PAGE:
The Trouble With Harry (1998) by Bernard Herrmann, performed by Royal Scottish National Orchestra conducted by Joel McNeely
I haven’t seen this movie in probably close to twenty years and, well, maybe I was too young for it (though I saw it at the height of my Hitchcock mania). It didn’t grab me as a classic, the way it has so many others. But even this many years later I have a bit of a similar issue with the score. I know the score is good, at least it’s certainly very much above average, but it doesn’t really grab me in the way so many other of Herrmann’s scores do. In part I think that’s due to its Read More
Garden of Evil / Prince of Players (1998) by Bernard Herrmann, performed by Moscow Symphony Orchestra conducted by William T. Stromberg
This disc collects the complete score of the 1954 western Garden of Evil with the suite (i.e. the highlights) of Hermann’s score to the 1955 biopic Prince of Players, both movies which have been somewhat forgotten. The Prince of Players suite is a very classic Hollywood score. It’s exactly what you would think of and so it’s pretty underwhelming. I guess it’s well done, but hardly stands out from the scores (yuk yuk yuk) of other film music of the era. Garden of Evil is a far more ominous, interesting piece of music. It’s still somewhat conventional – it lacks Read More
Sometimes I feel like Sirk is the Norman Rockwell of old Hollywood: everything is so hyper-idealized. But I guess Winslow Homer is a better comparison, everything looks good, but things are lurking. The colors are all so intense and lightning is so dramatic. I know some people love Sirk for his sets and costumes and stuff. I’ve never been into that. I’m much more into the satire though, which is perhaps as as on display here as in any of Sirk’s films. But it’s kind of over the top, and honestly, things have changed so much since the ’50s that Read More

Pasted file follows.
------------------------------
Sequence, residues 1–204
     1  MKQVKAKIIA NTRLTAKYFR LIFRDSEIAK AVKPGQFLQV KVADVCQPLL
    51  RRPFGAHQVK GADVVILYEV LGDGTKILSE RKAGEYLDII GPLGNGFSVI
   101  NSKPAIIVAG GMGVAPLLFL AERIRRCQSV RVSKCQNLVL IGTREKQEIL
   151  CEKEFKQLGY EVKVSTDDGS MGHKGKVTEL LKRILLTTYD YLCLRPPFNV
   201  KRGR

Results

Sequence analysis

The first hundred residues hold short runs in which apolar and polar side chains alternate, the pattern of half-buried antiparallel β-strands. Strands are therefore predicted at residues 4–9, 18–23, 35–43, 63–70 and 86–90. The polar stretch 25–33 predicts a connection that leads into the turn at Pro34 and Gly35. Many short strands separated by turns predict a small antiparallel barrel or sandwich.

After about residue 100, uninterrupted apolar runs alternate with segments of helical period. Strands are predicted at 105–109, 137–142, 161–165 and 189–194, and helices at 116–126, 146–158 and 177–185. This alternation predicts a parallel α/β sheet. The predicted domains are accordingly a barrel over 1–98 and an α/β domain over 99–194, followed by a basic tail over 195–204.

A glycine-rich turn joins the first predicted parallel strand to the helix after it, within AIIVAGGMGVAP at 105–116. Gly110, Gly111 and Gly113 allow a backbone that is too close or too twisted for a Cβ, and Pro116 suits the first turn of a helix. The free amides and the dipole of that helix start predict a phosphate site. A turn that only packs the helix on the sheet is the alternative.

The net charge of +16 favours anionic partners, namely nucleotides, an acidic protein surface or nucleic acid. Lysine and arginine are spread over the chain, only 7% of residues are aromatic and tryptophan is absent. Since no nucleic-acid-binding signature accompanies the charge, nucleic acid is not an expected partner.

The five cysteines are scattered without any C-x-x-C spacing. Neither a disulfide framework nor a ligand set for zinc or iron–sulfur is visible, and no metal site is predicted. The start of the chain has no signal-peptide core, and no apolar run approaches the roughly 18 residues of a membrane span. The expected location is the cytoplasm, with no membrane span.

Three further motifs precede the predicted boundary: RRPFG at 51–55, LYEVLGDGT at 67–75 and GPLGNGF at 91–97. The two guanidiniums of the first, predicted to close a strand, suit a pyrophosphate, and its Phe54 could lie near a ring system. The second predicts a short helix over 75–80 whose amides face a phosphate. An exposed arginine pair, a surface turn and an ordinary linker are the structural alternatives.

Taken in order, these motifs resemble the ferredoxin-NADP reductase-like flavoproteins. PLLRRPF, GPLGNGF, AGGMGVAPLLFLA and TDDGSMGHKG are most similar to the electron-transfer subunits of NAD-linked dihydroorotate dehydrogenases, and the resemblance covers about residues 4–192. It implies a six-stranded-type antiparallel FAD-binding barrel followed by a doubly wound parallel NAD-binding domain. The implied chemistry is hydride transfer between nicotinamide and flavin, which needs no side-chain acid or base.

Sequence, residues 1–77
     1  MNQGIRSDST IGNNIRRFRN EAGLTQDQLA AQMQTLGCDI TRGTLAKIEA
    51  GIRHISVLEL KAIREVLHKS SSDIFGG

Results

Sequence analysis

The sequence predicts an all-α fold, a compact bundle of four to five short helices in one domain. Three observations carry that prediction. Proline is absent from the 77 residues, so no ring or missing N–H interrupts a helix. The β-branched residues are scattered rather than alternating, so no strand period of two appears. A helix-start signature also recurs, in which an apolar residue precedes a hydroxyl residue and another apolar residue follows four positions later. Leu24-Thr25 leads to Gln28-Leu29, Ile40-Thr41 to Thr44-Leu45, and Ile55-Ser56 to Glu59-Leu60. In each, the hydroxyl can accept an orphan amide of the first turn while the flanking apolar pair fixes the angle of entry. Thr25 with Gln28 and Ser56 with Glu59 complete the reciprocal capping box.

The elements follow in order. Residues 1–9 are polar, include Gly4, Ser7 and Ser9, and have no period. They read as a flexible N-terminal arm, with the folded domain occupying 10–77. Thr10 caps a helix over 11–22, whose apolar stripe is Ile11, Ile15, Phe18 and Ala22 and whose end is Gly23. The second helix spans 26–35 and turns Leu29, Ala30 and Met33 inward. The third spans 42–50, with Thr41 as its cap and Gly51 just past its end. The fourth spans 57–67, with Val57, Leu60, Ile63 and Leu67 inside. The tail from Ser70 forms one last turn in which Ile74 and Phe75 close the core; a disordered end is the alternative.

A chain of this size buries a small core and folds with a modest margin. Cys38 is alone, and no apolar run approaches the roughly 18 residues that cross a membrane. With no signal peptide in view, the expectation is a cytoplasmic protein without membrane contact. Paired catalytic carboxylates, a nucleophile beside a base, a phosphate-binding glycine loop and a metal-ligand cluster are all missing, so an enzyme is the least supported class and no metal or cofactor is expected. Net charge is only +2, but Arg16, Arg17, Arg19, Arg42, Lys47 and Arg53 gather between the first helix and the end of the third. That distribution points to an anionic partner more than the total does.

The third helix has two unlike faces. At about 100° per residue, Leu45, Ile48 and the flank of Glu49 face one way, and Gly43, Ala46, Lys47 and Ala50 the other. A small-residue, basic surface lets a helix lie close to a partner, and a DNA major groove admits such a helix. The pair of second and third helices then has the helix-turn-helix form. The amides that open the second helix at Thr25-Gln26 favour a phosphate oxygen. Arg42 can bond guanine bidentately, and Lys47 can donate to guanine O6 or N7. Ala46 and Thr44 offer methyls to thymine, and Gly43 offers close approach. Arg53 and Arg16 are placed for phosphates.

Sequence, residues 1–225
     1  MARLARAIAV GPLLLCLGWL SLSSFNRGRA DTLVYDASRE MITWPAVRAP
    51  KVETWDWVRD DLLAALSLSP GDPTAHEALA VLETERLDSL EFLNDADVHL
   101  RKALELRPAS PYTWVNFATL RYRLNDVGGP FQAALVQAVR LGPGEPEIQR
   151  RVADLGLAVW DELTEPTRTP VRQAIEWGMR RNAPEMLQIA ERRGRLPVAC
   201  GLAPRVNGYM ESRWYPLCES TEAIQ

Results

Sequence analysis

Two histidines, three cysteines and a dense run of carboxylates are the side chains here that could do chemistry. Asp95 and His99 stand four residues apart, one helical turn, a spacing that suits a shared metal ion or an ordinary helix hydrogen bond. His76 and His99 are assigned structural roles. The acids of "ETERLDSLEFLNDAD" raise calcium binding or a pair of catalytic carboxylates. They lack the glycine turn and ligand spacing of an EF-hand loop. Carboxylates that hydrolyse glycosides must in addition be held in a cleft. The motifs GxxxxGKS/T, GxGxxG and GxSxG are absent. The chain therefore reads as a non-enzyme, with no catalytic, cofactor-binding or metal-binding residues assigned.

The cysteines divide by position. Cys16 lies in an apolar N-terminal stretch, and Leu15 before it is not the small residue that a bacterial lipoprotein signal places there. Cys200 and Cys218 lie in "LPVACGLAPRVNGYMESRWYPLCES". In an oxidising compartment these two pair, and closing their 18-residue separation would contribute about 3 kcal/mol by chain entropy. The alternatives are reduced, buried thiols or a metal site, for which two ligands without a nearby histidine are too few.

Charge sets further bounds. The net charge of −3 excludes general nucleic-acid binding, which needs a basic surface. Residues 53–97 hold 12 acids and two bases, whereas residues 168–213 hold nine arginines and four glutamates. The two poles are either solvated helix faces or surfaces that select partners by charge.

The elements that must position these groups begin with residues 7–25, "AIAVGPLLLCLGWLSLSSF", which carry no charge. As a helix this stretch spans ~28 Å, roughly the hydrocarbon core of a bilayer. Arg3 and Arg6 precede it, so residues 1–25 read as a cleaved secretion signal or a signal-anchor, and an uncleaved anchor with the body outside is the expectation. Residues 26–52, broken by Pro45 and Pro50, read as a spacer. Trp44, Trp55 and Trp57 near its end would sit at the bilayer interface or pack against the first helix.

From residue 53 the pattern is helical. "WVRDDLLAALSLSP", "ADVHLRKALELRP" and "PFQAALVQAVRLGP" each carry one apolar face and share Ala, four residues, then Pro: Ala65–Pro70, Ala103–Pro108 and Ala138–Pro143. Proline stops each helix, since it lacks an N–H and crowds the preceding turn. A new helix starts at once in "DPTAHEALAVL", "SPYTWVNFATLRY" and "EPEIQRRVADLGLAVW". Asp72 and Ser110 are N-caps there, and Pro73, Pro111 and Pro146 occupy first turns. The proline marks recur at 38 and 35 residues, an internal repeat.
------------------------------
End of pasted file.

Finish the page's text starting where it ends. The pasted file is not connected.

This is a pretty fantastic set by Garner, a player I had never heard before. His playing is pretty incredible – his command is fantastic and he has a clear sense of fun. The recording is pretty brutal – you can barely hear the bassist or drummer – but it doesn’t matter since Garner is such a busy player (and I don’t mean ‘busy’ in a pejorative sense). Frankly, I don’t know why he needed a trio setting. He sounds like he would be good enough on his own. The one thing keeping me from giving this full marks is Read More
It took me a long time to get into this. Though I found the initial pages interesting, soon it became tough slogging. But once Tarwater and Rayber meet things really pickup. There is a sort of majesty to this part of the book and the subsequent part. It is really impressive and admirable how O’Connor tells her protagonist’s story and doesn’t worry about the stories of those we the reader might want to follow. Tarwater’s transformation is powerful and incredible and makes the novel worth reading. However, I am not sure this is one of the great novels of the Read More